Most of us wake up in the morning, curse at the alarm clock, and punch the clock in an effort to make money. Money, then, is the ultimate goal of employment, right?
Of course not. Nobody works simply to have more money. They work so that they can have what money buys. Money is simply a currency that can buy
happiness comfort. What you really want is the food, clothing, shelter, or entertainment that money can buy. Even Scrooge McDuck only wants money for the pleasure of swimming in it.
Today's article is geared toward employers and focuses on what employees value in terms of non-financial aspects of a job.
I work for one of the largest financial services companies in the country. Twelve years ago, I asked for the ability to change locations from corporate headquarters to a smaller office closer to family. I am still in the same role, and all my team members are back at corporate headquarters, but I work remotely from a satellite office that houses about a dozen people. I'm perhaps even more productive as a result, because I don't have to walk to meetings, but can attend via audio conference. My company's Systems department has about 5000 people located at corporate headquarters, so a non-trivial amount of time can be spent walking to meetings in other parts of the complex. Many people can work effectively from any location that has high speed internet.
Flexibility in the work
If your employees find the work they are doing interesting, they will likely be more productive. It's still work, and it's not always possible to align people with work they find interesting - and sometimes a person's interest don't match up well with their actual skills. This is why I'm not currently the cleanup hitter for the Colorado Rockies - I have a great deal of interest, but lack "some" of the necessary skills.
However, if Amy and Bob both dislike the work they are doing and are interested in the work the other person is doing, it may be beneficial to have Amy and Bob switch roles. An added benefit is that Amy and Bob can now back each other up when one of them is absent.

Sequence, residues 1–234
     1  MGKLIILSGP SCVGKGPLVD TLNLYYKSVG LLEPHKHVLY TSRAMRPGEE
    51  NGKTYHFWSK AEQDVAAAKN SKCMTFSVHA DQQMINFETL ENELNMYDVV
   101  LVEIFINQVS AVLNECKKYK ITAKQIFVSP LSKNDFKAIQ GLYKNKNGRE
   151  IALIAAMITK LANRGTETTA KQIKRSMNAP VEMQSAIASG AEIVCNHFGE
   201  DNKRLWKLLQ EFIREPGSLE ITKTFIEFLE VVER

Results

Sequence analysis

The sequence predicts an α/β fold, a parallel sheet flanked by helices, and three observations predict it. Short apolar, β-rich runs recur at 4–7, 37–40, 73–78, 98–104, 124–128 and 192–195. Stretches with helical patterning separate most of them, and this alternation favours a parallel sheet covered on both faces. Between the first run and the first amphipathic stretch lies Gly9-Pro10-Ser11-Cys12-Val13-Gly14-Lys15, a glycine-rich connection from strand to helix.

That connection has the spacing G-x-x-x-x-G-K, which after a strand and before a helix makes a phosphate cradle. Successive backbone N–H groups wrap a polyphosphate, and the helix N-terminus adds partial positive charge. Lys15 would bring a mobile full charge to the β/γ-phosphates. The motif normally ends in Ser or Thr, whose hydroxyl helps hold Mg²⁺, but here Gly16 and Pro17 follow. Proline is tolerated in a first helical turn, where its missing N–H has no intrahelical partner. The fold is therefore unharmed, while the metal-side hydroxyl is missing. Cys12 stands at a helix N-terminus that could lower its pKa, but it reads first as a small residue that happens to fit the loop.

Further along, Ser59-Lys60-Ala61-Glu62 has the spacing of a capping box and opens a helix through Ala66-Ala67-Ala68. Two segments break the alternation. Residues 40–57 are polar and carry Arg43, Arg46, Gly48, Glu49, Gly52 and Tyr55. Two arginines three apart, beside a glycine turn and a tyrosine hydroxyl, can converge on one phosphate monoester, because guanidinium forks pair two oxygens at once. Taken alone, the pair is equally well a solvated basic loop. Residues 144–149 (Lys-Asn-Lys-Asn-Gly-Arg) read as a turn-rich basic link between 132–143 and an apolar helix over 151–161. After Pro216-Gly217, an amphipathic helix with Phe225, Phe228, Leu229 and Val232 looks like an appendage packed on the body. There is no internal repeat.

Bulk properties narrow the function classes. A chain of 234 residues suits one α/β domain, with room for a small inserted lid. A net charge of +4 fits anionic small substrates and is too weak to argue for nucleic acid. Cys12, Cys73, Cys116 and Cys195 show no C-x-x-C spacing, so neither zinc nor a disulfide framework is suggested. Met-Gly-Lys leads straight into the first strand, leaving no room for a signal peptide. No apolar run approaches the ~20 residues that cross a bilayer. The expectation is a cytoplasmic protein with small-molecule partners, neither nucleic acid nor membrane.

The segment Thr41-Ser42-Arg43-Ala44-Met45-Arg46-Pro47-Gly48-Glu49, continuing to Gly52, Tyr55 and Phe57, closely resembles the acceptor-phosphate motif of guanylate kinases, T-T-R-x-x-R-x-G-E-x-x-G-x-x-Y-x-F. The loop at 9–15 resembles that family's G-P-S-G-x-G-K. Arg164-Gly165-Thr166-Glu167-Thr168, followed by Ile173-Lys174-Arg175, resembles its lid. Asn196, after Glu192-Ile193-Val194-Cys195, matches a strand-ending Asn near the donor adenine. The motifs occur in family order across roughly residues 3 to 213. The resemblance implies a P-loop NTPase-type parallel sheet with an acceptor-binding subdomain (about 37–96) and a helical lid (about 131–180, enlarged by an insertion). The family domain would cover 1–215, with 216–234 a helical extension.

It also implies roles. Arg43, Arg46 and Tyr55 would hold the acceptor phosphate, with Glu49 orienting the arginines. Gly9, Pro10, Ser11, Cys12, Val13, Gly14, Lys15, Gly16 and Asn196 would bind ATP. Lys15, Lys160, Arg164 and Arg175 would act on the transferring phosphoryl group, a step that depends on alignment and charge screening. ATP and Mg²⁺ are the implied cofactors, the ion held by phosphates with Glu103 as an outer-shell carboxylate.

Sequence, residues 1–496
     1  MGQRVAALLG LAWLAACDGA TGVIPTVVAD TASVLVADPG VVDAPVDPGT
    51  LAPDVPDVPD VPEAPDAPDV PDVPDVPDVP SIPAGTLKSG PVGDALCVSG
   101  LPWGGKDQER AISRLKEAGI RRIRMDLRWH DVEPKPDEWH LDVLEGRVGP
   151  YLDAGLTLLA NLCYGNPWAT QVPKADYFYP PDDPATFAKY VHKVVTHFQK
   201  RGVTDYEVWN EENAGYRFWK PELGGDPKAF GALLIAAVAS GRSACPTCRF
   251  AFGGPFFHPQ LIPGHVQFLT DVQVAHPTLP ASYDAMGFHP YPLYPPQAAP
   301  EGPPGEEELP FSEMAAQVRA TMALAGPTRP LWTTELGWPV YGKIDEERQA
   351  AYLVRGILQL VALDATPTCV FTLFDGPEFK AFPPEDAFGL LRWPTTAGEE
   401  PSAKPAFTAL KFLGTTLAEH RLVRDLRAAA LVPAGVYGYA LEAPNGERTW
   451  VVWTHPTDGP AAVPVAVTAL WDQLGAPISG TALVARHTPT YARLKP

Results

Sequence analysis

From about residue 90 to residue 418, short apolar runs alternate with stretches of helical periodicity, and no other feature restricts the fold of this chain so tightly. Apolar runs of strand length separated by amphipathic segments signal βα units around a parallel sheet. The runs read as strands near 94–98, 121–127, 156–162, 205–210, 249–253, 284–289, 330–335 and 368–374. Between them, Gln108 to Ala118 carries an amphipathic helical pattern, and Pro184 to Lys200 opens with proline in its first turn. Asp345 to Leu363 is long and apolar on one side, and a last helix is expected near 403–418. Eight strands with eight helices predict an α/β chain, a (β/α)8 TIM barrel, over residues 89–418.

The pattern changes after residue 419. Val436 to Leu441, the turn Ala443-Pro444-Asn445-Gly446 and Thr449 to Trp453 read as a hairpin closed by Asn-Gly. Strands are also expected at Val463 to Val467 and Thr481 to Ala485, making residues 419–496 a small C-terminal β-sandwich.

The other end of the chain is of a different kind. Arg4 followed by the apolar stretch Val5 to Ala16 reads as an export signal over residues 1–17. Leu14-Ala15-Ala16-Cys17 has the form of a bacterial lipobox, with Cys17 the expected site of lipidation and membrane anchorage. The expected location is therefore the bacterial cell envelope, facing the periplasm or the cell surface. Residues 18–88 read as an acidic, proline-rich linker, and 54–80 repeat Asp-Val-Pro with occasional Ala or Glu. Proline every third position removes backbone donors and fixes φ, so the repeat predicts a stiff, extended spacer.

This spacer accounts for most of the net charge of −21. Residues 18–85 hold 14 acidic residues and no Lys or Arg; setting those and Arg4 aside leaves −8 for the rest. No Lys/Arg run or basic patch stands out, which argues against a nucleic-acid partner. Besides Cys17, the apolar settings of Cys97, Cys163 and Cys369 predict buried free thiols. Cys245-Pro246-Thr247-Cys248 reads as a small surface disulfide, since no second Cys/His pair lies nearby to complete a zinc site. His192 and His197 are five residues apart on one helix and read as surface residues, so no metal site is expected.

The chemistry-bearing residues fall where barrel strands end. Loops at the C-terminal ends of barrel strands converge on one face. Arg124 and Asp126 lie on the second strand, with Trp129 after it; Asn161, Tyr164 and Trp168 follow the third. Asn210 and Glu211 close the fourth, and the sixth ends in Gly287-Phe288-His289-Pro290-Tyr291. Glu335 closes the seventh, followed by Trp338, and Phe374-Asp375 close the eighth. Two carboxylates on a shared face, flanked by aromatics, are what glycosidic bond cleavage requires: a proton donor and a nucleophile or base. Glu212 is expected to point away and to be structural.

People in my department also have time flexibility. Some people start at 5 AM, some people work 6 PM, and some people work four day weeks. There's a core set of hours for which people are expected to be available (and may of us are on call during off-hours), and a specific team should ensure adequate coverage to handle any issues that arrive. However, the teams have a lot of autonomy in deciding who works which hours.
Clothes make the man
Just before I joined the company, corporate employees had to wear a suit and tie every day. That was changed to business casual - Dockers and a nice shirt. About five years ago, the dress code was relaxed even further. Jeans, t-shirts, and running shoes were now perfectly acceptable, as long as they were clean and in good condition. When meeting with customers or other outside entities, business casual would still be required. However, if you're an IT geek buried in a cubicle all day (yep, that's me), then Wranglers, rainbow Asics, and a T-Rex t-shirt was now acceptable work attire. I nearly cried the day the announcement was made. I'm much happier - and much more productive - in casual clothes.
The key takeaway is that you'll still expect the same work product from the employee. However, you'll be giving the employee more control over their evironment
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